"I thought so," replied Thorpe. "I don't know that I blame you. Now suppose Doctor Ralph did things that hurt you; that there was continual misunderstanding and distrust. Suppose he wronged you, cruelly, and apparently did everything he could to distress you and make you miserable. Could you condemn him to a lake of fire?"

"Why, no!" she cried. "I'd know he never meant to do it!"

"Suppose you knew he meant it?" persisted Thorpe, looking at her keenly.

"Then," said Araminta, tenderly, "I'd feel very, very sorry."

"Exactly, and why? Because, as you say, you love him. And God is love, Araminta. Do you understand?"

Upon the cramped and imprisoned soul of the child, the light slowly dawned. "God is love," she repeated, "and nobody would burn people they loved."

There was an illuminating silence, then Thorpe spoke again. He told Araminta of a love so vast and deep that it could not be measured by finite standards; of infinite pity and infinite pardon. This love was everywhere; it was impossible to conceive of a place where it was not--it enveloped not only the whole world, but all the shining worlds beyond. And this love, in itself and of itself, was God.

"This," said Araminta, touching the book timidly; "is it bad?"

"Nothing is bad," explained Thorpe, carefully, "which does not harm you or some one else. Of the two, it is better to harm yourself than another. How does the book make you feel?"

"It makes me feel as if the world was a beautiful place, and as if I ought to be better, so I could make it still more beautiful by living in it."

"Then, Araminta, it is a good book."

Thorpe went down-stairs strangely uplifted. To him, Truth was not a creed, but a light which illumined all creeds. His soul was aflame with eagerness to help and comfort the whole world. Miss Evelina was waiting in the hall, veiled and silent, as always.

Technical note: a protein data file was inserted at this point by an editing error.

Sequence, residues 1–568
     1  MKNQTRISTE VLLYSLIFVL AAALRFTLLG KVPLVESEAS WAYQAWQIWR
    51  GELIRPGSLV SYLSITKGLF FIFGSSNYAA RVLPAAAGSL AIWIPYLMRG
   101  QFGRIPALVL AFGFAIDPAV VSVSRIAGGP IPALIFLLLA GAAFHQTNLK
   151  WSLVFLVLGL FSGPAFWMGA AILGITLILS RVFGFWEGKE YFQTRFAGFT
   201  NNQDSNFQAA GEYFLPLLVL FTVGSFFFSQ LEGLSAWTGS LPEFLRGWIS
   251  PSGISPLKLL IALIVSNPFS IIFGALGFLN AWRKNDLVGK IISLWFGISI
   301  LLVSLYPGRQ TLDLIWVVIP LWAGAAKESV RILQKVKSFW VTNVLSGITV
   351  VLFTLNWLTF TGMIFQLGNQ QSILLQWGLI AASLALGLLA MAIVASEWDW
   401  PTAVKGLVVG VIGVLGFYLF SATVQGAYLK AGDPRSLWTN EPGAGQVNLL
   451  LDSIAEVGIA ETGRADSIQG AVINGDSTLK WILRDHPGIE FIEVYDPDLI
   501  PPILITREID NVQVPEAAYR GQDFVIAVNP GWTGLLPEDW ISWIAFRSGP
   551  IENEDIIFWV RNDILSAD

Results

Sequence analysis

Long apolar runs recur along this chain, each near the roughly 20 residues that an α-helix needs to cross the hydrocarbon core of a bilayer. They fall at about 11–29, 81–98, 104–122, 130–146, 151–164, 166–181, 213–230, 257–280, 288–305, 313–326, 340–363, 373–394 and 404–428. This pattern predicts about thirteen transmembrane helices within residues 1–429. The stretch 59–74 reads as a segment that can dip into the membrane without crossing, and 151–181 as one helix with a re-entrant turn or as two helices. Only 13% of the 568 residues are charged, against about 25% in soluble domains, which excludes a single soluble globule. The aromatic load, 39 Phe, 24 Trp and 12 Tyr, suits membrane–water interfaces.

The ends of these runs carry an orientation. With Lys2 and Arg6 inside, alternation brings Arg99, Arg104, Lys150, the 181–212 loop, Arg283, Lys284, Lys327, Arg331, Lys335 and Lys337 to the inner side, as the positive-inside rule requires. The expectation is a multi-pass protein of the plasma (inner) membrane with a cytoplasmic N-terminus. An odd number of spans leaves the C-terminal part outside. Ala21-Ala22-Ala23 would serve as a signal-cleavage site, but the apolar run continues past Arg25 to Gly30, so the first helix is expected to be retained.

She opened the door, but Thorpe lingered, striving vainly for the right word. He could not find it, but he had to speak.

"Miss Evelina," he stammered, the high colour mounting to his temples, "if there should ever be anything I can do for you, will you let me know?"

She seemed to shrink back into her veil. "Yes," she said, at length, "I will." Then, fearing she had been ungracious, she added: "Thank you."

His mood of exaltation was still upon him, and he wandered long in the woods before going home. His spirit dwelt in the high places, and from the height he gained the broad view.

When he entered the house. Miss Mehitable was waiting for him with a torrent of questions. When he had an opportunity to reply he reported that he had seen Doctor Ralph and Araminta could come home almost any time, now. Yes, he had talked with Araminta about her soul, and she had cried. He thought he had done her good by going, and was greatly indebted to Miss Mehitable for the suggestion.